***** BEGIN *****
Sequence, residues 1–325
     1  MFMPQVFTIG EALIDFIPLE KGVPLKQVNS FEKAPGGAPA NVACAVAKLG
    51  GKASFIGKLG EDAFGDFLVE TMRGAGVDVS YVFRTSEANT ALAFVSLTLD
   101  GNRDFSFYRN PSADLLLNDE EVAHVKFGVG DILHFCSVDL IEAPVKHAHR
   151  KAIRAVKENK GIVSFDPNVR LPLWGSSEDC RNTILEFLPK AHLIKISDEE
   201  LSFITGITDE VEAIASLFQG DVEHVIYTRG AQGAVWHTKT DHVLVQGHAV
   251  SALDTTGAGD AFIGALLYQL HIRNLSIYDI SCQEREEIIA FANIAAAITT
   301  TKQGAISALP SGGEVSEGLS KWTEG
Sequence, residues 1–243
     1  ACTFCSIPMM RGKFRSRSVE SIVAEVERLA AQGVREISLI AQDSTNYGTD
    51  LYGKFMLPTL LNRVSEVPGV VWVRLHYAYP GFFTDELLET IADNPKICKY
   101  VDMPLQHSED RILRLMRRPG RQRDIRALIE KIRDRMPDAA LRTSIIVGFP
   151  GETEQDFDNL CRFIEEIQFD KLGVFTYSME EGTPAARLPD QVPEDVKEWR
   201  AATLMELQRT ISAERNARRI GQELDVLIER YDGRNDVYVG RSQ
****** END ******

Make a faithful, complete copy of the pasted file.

Sequence, residues 1–325
     1  MFMPQVFTIG EALIDFIPLE KGVPLKQVNS FEKAPGGAPA NVACAVAKLG
    51  GKASFIGKLG EDAFGDFLVE TMRGAGVDVS YVFRTSEANT ALAFVSLTLD
   101  GNRDFSFYRN PSADLLLNDE EVAHVKFGVG DILHFCSVDL IEAPVKHAHR
   151  KAIRAVKENK GIVSFDPNVR LPLWGSSEDC RNTILEFLPK AHLIKISDEE
   201  LSFITGITDE VEAIASLFQG DVEHVIYTRG AQGAVWHTKT DHVLVQGHAV
   251  SALDTTGAGD AFIGALLYQL HIRNLSIYDI SCQEREEIIA FANIAAAITT
   301  TKQGAISALP SGGEVSEGLS KWTEG
Sequence, residues 1–243
     1  ACTFCSIPMM RGKFRSRSVE SIVAEVERLA AQGVREISLI AQDSTNYGTD
    51  LYGKFMLPTL LNRVSEVPGV VWVRLHYAYP GFFTDELLET IADNPKICKY
   101  VDMPLQHSED RILRLMRRPG RQRDIRALIE KIRDRMPDAA LRTSIIVGFP
   151  GETEQDFDNL CRFIEEIQFD KLGVFTYSME EGTPAARLPD QVPEDVKEWR
   201  AATLMELQRT ISAERNARRI GQELDVLIER YDGRNDVYVG RSQ